It was a mixed start to the week on the markets. Certain cannabis stocks were down, while some energy stocks were up. In terms of commodities, gold, silver, and light sweet crude were rising. Overall, the top gainers were gaining more than the top losers were losing. Looks good? Not quite.
On the face of it, this is an encouraging state of affairs. The North American markets look healthy. In Canada, metal and mining stocks are rising, and financials are improving.
But investors should consider how precarious this situation is. The S&P/TSX Composite Index was up 0.4% Tuesday. This might seem innocuous at worst and bullish at best. But consider the potential for a market correction right now. It could come from anywhere. A vaccine setback, international tensions, worsening consumer sentiment, or — the big one — an unexpected U.S. election outcome.
Bank stocks are at a crossroads
Let’s stick with that latter eventuality for a moment. Analysts are divided as to whether North American markets are rising because of an expected Trump win or an expected Biden win. Both sides have their advocates, and both sides have compelling data analysis to back them up.
What this means, though, is that no matter which candidate wins the contest, a whole swathe of the markets could go into post-election shock. That means that financials investors will be heading into the middle of November amid an intensely volatile market. And the outcome could see stocks such as TD Bank either tank or soar.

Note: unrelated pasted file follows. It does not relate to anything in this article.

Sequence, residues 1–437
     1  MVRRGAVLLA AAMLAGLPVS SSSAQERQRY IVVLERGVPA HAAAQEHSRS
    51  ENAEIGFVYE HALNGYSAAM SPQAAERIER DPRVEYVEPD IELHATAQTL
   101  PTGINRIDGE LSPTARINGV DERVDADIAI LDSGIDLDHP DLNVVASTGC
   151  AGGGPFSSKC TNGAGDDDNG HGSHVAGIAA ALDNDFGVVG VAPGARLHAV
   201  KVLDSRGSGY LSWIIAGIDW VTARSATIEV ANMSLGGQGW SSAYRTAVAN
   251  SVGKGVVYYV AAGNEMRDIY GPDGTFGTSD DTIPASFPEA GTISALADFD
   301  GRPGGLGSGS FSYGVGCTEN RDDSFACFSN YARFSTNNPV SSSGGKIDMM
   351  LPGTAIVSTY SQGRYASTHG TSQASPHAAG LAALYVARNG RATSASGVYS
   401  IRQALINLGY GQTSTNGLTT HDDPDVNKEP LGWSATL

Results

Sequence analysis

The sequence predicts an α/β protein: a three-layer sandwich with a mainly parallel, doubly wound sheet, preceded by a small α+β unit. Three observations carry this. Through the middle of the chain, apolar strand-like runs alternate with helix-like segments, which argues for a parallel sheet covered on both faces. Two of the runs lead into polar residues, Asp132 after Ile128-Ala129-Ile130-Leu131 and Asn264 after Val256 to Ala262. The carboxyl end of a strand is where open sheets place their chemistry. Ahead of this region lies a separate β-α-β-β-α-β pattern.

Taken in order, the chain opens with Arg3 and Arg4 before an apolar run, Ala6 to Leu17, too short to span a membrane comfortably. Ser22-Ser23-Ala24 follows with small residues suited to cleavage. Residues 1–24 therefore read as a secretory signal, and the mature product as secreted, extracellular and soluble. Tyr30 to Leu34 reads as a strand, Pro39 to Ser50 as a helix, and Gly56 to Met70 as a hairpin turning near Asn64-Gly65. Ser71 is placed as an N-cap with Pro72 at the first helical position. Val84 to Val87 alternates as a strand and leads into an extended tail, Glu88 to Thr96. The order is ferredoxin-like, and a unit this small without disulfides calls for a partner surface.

Certain theses are predictable. A Biden win next month will see cannabis and green power stocks rocketing, while oil stocks and big corporate names nosedive. A Trump win will likely see the opposite effects. Overall, though, investors could end up selling everything else. Unless, of course, the actual outcome of the election is the one that the market really is predicting. And that’s a tough one to call.
Hold onto those TD shares
That said, there’s a general term that refers to nature as taking the path of least resistance. When applied to predicting outcomes of complex scenarios, it’s therefore tempting to assume that the markets — if they could vote — would favour the status quo. After all, it’s no secret that the stock market is allergic to change. The question now, though, is whether investors are expecting change or not.
To go back to the bullishness in the markets, it makes sense that the areas rising before a crash are the ones that have the most to lose. Financials are looking especially at risk, therefore. Those shares in TD Bank and friends? Expect them to go through an especially rough patch if the U.S. elects an anti-corporate president.
But also be prepared for the alternative. 2016 saw the markets go into shock the night of the U.S. election. Few observers saw a Donald Trump win coming. But financials quickly surged 4% on the outcome. This alone should indicate which way shares in the Big Five could to go in just under a fortnight. Canadian bank shareholders of a conservative nature may therefore want to keep calm and carry on holding.
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Fool contributor Victoria Hetherington has no position in any of the stocks mentioned.